April, 01 2004 |  Share

Gildan Production in El Salvador

Copatex S.A. de C.V.
San Marcos Free Trade Zone
San Salvador, El Salvador


Gildan labels from Copatex


  • San Marcos Free Trade Zone is surrounded by high cinderblock walls, rolls of razor wire, locked metal gates, and heavily armed private security guards.
  • Violation of core ILO internationally recognized worker rights: Denial of Freedom of Association and the right to organize. Anyone suspected of organizing will be immediately fired. Indeed, involvement in any protest will result in dismissal.
  • Obligatory overtime: Due to excessively high production goals—in effect, each worker must sew 154 t-shirts a day, 17 an hour, and one every 3.5 minutes—sewers can be forced to work up to 63 hours a week. The sewers must race through their lunch, taking just 20 minutes, in order to get back to work.
  • The workers are paid less than five cents for each t-shirt they sew.
  • The workers are under constant pressure to produce, to work faster to meet their excessive production goals. Workers report being exhausted and worn out at the end of the day, suffering especially from back and wrist pain due to the repetitive motion. 
  • It is common to fire the women once they reach 35 years of age, as Copatex management feels these "older" women are exhausted and worn out, and they want to replace them with another crop of younger teenagers.
  • The factory is excessively hot, and workers need permission to use the toilet or to drink water. The drinking water in the factory is filthy, with bacteria levels 225 percent in excess of international standards. The water also contains fecal bacteria.  
  • No worker has ever heard of, let alone seen, Gildan's Code of Conduct, which remains completely meaningless.
  • Workers' access to Social Security health care is routinely limited, and anyone attending medical appointments without permission will be docked two days' wages.
  • Workers who leave the plant or who are fired are routinely cheated out of the proper legal severance pay due them.


Copatex S.A. de C.V.
San Marcos Free Trade Zone, Building 9B
San Salvador, El Salvador
Phone: 503-220-1138
  • Korean-owned: owner Mr. Chi Young Lee [also owns the J&A Factory (Jatex) which produces exclusively for Gildan.]
  • Began operations: August 2002
  • Number of workers: Approximately 450
  • 100 percent of Copatex production is for Gildan—basic t-shirts in white, green, red, blue, black and yellow. Currently the factory is also producing Gildan children's t-shirts.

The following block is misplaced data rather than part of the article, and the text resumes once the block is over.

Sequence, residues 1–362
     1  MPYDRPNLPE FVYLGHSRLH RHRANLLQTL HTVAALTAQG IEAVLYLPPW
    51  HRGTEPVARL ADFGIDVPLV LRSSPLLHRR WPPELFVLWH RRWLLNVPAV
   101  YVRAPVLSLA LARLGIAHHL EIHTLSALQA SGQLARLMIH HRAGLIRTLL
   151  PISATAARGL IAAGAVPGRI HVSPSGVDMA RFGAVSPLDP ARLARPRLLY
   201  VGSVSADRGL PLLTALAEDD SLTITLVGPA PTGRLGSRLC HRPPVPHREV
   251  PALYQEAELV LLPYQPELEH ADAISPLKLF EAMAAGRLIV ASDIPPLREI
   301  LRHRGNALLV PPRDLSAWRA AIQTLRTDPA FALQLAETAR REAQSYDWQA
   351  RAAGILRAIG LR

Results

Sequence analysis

(Note: Workers cheated on severance pay and benefits. Up to December 2003, Copatex shared a factory building with a Taiwanese owned company called Rainbow S.A. de C.V., which also produced for Gildan. In December, the Rainbow factory was abruptly shut down, and the owner fled El Salvador, leaving behind 450 workers who were owed approximately $300,000 in legal severance payments, vacation pay, Christmas bonuses, and other social benefits. For the last five or six months prior to closing, Rainbow's owners also apparently stole the 6.25 percent pension fund fees which were deducted from the workers' wages. To date, the workers have not received a single cent of the severance pay and benefits owed them. The Salvadoran Ministry of Labor's involvement in this case has been very ineffective. The Ministry did seize the machinery which was left behind in the factory, which was sold for $100,000, but this will not cover what the workers are owed.)


  • Obligatory overtime due to excessively high production goals;
  • 11 and 12 hour shifts common;
  • Working six days a week;
  • At the extreme, workers could be at the factory 66 hours a week.

The legal workweek is 44 hours:


Monday - Thursday:

7:00 a.m. - 5:00 p.m.


7:00 a.m. - 4:00 p.m.

Morning Break (15 min.):

9:00 a.m. - 9:15 a.m.

Lunch (50 minutes): 

12:00 noon - 12:50 p.m.



Real working hours at Copatex:

Monday -Thursday:

6:45 a.m. - 12:00 noon 

(work / 5 ¼ hours)


12:00 noon - 12:20 

(lunch / 20 minutes) 


12:20 p.m. - 6:00 p.m.

(work / 5 2/3 hours) 





6:45 a.m. - 12:00 noon

(work / 5 ¼ hours) 


12:00 noon - 12:20 p.m.

(lunch / 20 minutes) 


12:20 p.m. - 7:00 p.m. 

(work / 6 2/3 hours) 





7:00 a.m. - 12:00 noon 

(work / 5 hours) 


12:00 noon - 12:50 p.m. 

(lunch / 50 minutes)


12:50 p.m. - 4:00 p.m.

(work / 3 1/8 hours)

This schedule would put the workers at the factory 66 ¼ hours a week, while being paid for 63 ¾ hours of work.

On Saturdays, approximately half of the factory works until 4:00 p.m., while the other half gets out at 12:00 noon. Every other Friday when the workers are paid, the factory closes at 4:00 p.m. rather than 7:00 p.m.

Due to the excessively high production goals the majority of workers arrive at the factory between 6:15 and 6:30 a.m. in order to start working by 6:30 or 6:45 a.m. The workers routinely race through their lunch, taking just 20 minutes, so they can get back to their machines to try to reach their daily production goal.

Given these weekly fluctuations, on average, then, the sewers would be working 61 2/3 hours each week.

Below-Subsistence Level Wages: 69 to 82¢ an Hour